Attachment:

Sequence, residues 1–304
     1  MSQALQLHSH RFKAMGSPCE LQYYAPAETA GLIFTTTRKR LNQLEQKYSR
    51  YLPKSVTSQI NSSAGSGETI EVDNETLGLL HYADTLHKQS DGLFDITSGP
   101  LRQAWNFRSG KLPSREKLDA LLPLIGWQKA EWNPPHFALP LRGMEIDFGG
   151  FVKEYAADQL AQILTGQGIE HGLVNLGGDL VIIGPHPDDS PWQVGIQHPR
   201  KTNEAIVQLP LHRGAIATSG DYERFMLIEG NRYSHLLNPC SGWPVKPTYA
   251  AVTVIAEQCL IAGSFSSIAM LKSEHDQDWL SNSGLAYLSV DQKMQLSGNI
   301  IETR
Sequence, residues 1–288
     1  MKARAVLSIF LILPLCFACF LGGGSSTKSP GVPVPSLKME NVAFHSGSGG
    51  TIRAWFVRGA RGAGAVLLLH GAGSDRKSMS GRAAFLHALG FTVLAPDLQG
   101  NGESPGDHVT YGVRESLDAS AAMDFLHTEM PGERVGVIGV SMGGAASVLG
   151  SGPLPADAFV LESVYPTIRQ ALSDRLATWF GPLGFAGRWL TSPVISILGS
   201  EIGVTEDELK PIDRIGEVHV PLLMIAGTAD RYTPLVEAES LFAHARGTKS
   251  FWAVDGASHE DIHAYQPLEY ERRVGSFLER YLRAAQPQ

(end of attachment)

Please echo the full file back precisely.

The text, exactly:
Sequence, residues 1–304
     1  MSQALQLHSH RFKAMGSPCE LQYYAPAETA GLIFTTTRKR LNQLEQKYSR
    51  YLPKSVTSQI NSSAGSGETI EVDNETLGLL HYADTLHKQS DGLFDITSGP
   101  LRQAWNFRSG KLPSREKLDA LLPLIGWQKA EWNPPHFALP LRGMEIDFGG
   151  FVKEYAADQL AQILTGQGIE HGLVNLGGDL VIIGPHPDDS PWQVGIQHPR
   201  KTNEAIVQLP LHRGAIATSG DYERFMLIEG NRYSHLLNPC SGWPVKPTYA
   251  AVTVIAEQCL IAGSFSSIAM LKSEHDQDWL SNSGLAYLSV DQKMQLSGNI
   301  IETR
Sequence, residues 1–288
     1  MKARAVLSIF LILPLCFACF LGGGSSTKSP GVPVPSLKME NVAFHSGSGG
    51  TIRAWFVRGA RGAGAVLLLH GAGSDRKSMS GRAAFLHALG FTVLAPDLQG
   101  NGESPGDHVT YGVRESLDAS AAMDFLHTEM PGERVGVIGV SMGGAASVLG
   151  SGPLPADAFV LESVYPTIRQ ALSDRLATWF GPLGFAGRWL TSPVISILGS
   201  EIGVTEDELK PIDRIGEVHV PLLMIAGTAD RYTPLVEAES LFAHARGTKS
   251  FWAVDGASHE DIHAYQPLEY ERRVGSFLER YLRAAQPQ